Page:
NEWS

Family prays for infant injured in Winnipeg house fire

01/26/2012 10:06 EST | Updated 03/27/2012 05:12 EDT

Family members of a Winnipeg man who lost his mother, wife and two young daughters in a house fire this week say they are praying for his surviving infant girl.

Hamid Farooq remains at the hospital bedside of his four-month-old daughter, Hoorya, the sole survivor of a house fire in Winnipeg's West Kildonan neighbourhood on Tuesday night.

Farooq's wife Zebunesa Sadiq, 33, his mother Shemeem Akhtar, 60, and his daughters Fayza Peyawary, nine, and Aliza Sadiq, four, all died in the heavy smoke and fire that spread through their semi-detached home on Woodlark Place.

Farooq works nights and was not home at the time of the fire.

Khalid Mahmood, Farooq's brother-in-law, told reporters on Thursday that Farooq has been distraught and unable to sleep since the fatal fire.

Mahmood, who travelled to Winnipeg from Ontario, struggled to stay composed as he read a statement from Farooq.

"I am putting my trust in God Almighty that he will see me and my family through the difficult time," Mahmood said, stopping to sob as he read from his brother-in-law's statement.

Mahmood said doctors have told him that Hoorya, who remains in critical condition, has little brain activity.

Before breaking down, Mahmood asked that people pray for a miracle.

'Pray for my daughter'

Shahina Siddiqui of the Islamic Social Services Association, who has visited with Farooq in hospital, said it has been difficult to see him in so much pain.

"He is in shock, all that. He was very quiet. He kept saying to me, 'pray for my daughter,'" Siddiqui told CBC News.

"We are praying and hoping she will survive and I can just imagine, if we are feeling the pain [that] we are feeling, what the father is going through.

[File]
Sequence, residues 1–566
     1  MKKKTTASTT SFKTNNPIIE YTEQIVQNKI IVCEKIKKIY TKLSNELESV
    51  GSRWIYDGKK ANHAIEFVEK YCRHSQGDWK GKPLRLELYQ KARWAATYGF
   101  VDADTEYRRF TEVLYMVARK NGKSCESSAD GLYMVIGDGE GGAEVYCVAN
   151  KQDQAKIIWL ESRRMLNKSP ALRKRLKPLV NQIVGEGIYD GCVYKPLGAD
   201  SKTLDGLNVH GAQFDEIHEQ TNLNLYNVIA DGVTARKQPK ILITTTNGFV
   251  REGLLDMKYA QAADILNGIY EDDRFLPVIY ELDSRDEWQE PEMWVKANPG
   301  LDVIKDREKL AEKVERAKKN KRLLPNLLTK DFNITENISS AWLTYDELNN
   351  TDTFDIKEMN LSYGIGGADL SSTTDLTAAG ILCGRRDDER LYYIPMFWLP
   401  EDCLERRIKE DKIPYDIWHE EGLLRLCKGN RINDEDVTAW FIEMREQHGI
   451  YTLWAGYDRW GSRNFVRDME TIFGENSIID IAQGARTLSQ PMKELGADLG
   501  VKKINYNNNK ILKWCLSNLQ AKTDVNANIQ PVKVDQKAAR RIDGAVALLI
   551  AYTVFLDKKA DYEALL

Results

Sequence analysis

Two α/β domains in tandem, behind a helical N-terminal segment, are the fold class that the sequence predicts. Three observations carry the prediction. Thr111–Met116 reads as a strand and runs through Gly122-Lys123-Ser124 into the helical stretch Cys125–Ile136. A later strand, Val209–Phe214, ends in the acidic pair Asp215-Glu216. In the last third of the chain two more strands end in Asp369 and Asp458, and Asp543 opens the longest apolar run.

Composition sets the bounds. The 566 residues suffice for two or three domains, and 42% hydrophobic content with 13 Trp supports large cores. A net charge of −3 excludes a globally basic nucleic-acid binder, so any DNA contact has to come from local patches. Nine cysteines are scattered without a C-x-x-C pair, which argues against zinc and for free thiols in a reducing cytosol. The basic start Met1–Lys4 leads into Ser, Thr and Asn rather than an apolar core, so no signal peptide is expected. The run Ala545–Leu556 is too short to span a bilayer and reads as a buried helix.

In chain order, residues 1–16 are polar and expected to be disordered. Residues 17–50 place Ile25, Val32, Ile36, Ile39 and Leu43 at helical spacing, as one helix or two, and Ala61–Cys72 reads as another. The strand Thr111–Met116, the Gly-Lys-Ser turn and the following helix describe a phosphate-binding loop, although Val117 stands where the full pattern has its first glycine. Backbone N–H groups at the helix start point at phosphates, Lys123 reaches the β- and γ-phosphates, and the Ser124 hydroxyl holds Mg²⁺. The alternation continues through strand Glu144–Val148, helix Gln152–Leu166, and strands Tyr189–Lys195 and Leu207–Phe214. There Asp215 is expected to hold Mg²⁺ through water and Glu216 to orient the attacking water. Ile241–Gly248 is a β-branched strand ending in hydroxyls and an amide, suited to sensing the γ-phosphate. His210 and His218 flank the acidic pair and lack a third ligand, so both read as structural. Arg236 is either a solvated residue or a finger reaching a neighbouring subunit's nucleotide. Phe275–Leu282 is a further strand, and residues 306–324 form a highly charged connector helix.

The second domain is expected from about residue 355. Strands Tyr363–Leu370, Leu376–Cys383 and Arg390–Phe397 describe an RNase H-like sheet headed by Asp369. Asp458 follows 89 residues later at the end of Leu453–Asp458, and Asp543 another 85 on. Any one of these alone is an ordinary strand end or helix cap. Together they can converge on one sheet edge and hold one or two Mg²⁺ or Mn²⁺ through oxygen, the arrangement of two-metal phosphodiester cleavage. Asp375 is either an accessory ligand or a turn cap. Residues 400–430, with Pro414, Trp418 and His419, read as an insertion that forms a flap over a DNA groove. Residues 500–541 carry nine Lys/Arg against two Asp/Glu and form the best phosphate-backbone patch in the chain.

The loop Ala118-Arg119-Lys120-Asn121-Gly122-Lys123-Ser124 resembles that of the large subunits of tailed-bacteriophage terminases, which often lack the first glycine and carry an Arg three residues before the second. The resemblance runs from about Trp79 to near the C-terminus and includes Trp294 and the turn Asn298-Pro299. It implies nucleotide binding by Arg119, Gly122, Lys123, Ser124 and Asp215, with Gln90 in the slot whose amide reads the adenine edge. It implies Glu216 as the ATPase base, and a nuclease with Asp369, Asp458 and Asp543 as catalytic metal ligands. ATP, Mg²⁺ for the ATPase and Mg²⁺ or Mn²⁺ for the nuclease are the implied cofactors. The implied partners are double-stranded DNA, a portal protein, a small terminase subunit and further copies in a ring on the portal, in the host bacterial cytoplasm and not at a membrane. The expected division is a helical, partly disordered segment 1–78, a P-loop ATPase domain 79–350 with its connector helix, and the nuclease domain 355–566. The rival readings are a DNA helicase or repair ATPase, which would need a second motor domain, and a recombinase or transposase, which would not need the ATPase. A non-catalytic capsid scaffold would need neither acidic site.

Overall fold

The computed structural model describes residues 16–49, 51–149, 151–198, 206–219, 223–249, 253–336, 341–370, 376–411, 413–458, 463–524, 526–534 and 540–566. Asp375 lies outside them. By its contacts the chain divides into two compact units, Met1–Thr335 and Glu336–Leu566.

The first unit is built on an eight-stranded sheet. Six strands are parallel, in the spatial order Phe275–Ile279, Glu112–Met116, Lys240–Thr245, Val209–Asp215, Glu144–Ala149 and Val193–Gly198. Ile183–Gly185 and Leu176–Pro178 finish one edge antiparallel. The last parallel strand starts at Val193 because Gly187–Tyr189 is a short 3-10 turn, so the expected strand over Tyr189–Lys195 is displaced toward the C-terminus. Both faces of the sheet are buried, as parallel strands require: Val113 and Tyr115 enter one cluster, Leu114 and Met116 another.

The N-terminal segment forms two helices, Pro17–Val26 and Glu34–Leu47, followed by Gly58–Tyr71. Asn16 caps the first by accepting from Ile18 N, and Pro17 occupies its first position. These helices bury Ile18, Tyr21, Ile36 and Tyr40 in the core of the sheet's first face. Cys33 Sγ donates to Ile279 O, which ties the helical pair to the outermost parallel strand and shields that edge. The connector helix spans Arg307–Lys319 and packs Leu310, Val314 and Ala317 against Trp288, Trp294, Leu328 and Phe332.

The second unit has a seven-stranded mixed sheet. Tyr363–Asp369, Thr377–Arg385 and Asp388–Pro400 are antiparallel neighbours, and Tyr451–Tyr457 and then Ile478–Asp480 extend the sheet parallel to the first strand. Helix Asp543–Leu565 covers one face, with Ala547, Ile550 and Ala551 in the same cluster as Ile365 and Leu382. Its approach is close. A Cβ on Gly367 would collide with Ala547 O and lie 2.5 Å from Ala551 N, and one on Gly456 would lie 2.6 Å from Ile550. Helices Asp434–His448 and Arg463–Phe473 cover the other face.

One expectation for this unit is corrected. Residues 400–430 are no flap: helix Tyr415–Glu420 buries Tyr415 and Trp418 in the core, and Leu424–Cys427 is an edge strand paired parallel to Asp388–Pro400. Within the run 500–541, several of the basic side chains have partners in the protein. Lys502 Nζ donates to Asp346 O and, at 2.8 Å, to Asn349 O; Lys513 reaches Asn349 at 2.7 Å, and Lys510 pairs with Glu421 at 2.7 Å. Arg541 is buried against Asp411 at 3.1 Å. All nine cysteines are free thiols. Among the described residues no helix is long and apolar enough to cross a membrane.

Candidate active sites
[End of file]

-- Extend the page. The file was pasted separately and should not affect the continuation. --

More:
Neighbours told CBC News the family had moved to the city from Pakistan a few years ago. Akhtar was visiting from Pakistan and had only been in Winnipeg for about a week.

"Right now we are giving all the emotional, spiritual support that he needs and whatever physical needs he has," Siddiqui said. "Of course, his friends, close friends, are taking him in."

Mahmood said Farooq wants to bury his family members in Pakistan.

It would cost about $60,000 to transport the bodies from Canada to Pakistan, so members of Winnipeg's Muslim community have launched fundraising efforts.

Hussain Guisti of the Zubaidah Tallab Foundation, a Winnipeg-based Islamic charity, said pledges have already been coming in.

"We're all one, and we're all hurt by this," Guisti said.

"When something like this happens, the entire Muslim community is affected and the entire Muslim community is hurt."

Neighbours reeling

Winnipeg fire officials told CBC News they are combing through 911 tapes from Tuesday night to determine if there had been an earlier call regarding the fire.

There are reports that Zebunesa Sadiq had phoned 911, but she may have been so panicked that she gave the wrong address.

Meanwhile, neighbours on Woodlark Place are still reeling after the tragedy. Some said nine-year-old Fayza was a favourite on the block, brightening the days of neighbours.

Ron Harris said she was always out, riding her bike or chatting.

"She would come and say hello to my wife when she was outside gardening, like sneak up behind her and say 'boo.' And she thought that was quite funny," he said.

"She would come and help dig holes, help her plant, that sort of thing. If there was no other kids in the neighbourhood to play with, she'd come over.

"She would come out and say hello to me if I was out washing the car. She'd come up and talk tell me about what she was doing. And if I was out barbequeing, she'd come out and tell me that, 'Oh yeah, so our family barbeques a lot, too," Harris recalled. "If our grandson was over, she'd come over and see what he was doing."

Harris says everyone on the short street is devastated.

A spokesperson for Seven Oaks School Division said the elementary school that Fayza attended, Forest Park, is planning to honour the little girl with a special service.

MORE:cbcNews